From Global Warming Art
This figure shows the solar radiation spectrum for direct light at both the top of the Earth's atmosphere and at sea level. The sun produces light with a distribution similar to what would be expected from a 5525 K (5250 °C) blackbody, which is approximately the sun's surface temperature. As light passes through the atmosphere, some is absorbed by greenhouse gases with specific absorption bands. Additional light is redistributed by Raleigh scattering, which is responsible for the atmosphere's blue color.
Since most of the absorption bands are located away from the peak in solar radiation, a majority (~70%) of the radiation from the sun reaches the Earth's surface. This is in contrast to the infrared radiation emitted by the Earth, whereby a majority is absorbed by bands occuring near the peak at ~5000 nm. This discrepancy, where solar light can easily reach the Earth's surface but returning energy is absorbed, is a defining quality of Earth's greenhouse effect.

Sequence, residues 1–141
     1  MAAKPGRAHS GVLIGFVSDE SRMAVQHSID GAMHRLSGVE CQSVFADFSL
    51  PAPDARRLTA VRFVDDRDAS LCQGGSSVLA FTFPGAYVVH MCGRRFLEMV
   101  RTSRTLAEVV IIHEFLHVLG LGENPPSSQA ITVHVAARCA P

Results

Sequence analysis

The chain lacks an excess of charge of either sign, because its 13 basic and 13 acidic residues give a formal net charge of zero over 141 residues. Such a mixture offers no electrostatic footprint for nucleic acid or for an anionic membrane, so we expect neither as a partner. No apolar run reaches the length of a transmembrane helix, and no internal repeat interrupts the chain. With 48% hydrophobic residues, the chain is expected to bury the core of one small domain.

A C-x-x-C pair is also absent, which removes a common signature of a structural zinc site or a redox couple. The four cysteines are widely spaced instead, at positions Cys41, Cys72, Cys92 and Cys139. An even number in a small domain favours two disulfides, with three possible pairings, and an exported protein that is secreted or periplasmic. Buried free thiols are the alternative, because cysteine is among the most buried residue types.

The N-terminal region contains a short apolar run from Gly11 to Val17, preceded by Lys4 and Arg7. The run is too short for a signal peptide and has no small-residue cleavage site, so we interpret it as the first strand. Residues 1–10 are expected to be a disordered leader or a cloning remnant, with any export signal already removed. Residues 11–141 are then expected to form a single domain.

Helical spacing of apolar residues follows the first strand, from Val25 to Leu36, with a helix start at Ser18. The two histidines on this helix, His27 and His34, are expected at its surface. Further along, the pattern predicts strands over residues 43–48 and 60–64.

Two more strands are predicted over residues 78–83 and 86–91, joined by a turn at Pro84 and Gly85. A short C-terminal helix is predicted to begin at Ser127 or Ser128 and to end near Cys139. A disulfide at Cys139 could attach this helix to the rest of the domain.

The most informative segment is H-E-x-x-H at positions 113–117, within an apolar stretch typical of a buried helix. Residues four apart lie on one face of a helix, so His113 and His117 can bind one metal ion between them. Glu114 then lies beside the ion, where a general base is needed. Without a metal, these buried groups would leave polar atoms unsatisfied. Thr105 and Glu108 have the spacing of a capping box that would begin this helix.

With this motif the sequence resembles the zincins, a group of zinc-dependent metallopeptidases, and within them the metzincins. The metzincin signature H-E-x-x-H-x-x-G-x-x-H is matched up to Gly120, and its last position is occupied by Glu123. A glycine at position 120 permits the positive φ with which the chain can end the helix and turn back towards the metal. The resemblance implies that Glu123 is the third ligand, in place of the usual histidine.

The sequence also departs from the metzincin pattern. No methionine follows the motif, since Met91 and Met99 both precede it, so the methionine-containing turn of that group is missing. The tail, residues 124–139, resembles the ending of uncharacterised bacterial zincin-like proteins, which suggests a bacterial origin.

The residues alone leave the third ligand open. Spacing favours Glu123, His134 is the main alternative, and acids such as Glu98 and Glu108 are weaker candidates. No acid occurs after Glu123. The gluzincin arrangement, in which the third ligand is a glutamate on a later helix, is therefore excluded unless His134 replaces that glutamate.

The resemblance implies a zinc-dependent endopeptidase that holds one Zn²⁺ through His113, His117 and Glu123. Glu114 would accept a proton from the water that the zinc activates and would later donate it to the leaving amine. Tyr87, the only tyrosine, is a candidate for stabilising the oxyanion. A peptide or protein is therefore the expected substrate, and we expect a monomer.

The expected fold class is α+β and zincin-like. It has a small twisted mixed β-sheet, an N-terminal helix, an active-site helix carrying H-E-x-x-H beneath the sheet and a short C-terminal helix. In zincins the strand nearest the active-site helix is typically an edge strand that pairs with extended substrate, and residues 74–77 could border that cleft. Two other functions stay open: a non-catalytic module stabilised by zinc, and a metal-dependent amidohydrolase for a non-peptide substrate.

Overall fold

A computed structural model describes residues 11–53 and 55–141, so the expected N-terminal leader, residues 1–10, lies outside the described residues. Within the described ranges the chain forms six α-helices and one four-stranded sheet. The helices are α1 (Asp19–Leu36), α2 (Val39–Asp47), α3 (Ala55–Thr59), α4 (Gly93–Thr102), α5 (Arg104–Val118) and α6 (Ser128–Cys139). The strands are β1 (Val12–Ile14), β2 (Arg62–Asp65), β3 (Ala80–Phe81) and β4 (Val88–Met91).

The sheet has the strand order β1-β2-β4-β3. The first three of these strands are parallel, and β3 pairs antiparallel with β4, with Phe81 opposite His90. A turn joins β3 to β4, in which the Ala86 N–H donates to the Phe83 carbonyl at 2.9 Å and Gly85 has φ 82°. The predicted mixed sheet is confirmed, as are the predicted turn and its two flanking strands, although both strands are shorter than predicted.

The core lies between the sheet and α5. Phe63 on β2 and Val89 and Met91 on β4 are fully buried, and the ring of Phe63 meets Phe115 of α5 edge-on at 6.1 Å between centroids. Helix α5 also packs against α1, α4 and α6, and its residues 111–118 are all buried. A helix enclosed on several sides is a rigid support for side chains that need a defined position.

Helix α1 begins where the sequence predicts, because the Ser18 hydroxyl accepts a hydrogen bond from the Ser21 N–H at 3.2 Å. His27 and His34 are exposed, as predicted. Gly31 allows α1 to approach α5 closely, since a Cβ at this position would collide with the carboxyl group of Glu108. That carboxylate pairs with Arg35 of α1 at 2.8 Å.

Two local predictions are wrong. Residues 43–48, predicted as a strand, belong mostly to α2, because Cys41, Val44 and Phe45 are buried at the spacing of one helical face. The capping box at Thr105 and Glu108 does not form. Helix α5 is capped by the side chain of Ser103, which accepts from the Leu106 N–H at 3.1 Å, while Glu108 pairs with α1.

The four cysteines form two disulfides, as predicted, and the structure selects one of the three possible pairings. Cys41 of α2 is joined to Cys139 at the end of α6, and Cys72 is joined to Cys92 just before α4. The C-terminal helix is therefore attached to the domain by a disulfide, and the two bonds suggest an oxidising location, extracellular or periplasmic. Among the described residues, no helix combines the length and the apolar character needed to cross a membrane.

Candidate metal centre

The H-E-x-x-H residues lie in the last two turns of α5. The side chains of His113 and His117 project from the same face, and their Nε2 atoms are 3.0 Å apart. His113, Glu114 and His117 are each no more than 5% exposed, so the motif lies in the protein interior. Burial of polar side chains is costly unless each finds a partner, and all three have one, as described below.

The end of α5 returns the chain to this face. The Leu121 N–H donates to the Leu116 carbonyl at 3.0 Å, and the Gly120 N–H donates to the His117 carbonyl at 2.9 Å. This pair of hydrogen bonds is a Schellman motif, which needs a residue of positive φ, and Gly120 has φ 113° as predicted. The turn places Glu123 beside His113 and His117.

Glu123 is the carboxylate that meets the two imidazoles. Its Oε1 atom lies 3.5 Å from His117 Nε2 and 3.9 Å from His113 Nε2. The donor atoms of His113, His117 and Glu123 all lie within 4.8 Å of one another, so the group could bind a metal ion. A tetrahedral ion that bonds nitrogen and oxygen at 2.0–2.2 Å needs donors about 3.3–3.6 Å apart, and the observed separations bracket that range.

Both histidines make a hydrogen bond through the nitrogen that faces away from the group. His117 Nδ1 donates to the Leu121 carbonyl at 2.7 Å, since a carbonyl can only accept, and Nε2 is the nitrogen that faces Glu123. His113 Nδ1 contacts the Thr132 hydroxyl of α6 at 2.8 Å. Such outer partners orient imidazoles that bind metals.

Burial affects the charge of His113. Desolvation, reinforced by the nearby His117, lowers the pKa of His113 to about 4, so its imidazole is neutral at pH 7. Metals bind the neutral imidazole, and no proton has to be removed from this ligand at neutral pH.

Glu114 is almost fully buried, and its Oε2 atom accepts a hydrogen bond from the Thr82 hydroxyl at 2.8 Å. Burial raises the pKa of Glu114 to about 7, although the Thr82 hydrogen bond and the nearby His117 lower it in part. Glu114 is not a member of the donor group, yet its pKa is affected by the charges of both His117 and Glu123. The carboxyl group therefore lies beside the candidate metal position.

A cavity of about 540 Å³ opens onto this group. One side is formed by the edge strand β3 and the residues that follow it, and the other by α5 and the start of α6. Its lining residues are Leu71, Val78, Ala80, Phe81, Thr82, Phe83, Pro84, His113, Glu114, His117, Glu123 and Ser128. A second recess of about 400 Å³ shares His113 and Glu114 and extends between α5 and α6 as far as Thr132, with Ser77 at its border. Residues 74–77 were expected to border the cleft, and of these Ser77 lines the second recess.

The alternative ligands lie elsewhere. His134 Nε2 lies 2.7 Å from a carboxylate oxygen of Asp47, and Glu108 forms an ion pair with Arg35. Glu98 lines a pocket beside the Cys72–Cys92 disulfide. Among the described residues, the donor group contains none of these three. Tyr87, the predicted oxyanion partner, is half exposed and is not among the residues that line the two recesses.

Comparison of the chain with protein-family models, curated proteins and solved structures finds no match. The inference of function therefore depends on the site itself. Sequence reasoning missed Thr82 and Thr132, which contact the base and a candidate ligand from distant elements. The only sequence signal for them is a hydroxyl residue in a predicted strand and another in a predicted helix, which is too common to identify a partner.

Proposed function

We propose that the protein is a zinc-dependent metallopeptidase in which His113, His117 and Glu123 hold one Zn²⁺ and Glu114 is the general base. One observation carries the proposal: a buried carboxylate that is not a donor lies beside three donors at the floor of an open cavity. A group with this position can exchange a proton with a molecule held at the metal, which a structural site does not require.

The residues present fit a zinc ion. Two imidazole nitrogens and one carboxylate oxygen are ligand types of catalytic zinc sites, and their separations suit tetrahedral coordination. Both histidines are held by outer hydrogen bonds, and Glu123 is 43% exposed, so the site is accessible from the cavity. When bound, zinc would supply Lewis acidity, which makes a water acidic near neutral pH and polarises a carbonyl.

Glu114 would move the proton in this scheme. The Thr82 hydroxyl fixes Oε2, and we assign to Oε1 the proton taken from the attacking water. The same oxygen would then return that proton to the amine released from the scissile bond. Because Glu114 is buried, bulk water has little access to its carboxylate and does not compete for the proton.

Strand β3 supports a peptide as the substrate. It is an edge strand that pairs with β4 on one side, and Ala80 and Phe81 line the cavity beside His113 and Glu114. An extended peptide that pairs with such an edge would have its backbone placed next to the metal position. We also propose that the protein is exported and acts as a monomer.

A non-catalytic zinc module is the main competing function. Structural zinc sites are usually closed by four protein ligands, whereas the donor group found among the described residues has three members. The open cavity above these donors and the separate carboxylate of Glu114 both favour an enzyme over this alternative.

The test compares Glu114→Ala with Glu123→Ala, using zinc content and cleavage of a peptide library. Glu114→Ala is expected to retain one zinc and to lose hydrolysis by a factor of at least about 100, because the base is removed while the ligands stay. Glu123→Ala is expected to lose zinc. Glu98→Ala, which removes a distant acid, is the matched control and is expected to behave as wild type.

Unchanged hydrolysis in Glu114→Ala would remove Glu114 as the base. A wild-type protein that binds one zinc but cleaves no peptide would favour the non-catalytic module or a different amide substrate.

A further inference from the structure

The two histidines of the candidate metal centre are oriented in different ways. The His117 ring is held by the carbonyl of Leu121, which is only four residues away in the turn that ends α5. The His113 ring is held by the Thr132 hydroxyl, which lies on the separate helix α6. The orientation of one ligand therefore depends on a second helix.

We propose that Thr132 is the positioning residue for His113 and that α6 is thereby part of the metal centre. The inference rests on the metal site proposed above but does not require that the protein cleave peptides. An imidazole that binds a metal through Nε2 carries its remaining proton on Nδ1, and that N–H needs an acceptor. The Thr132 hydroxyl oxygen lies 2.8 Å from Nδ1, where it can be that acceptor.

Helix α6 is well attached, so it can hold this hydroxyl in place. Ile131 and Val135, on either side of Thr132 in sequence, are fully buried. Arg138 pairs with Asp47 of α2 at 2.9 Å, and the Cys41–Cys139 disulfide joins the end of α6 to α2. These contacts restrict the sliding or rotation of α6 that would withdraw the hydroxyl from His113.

These curves are based on the American Society for Testing and Materials (ASTM) Terrestrial Reference Spectra, which are standards adopted by the photovoltaics industry to ensure consistent test conditions and are similar to the light that could be expected in North America. Regions for ultraviolet, visible and infrared light are indicated.
This figure was prepared by Robert A. Rohde.
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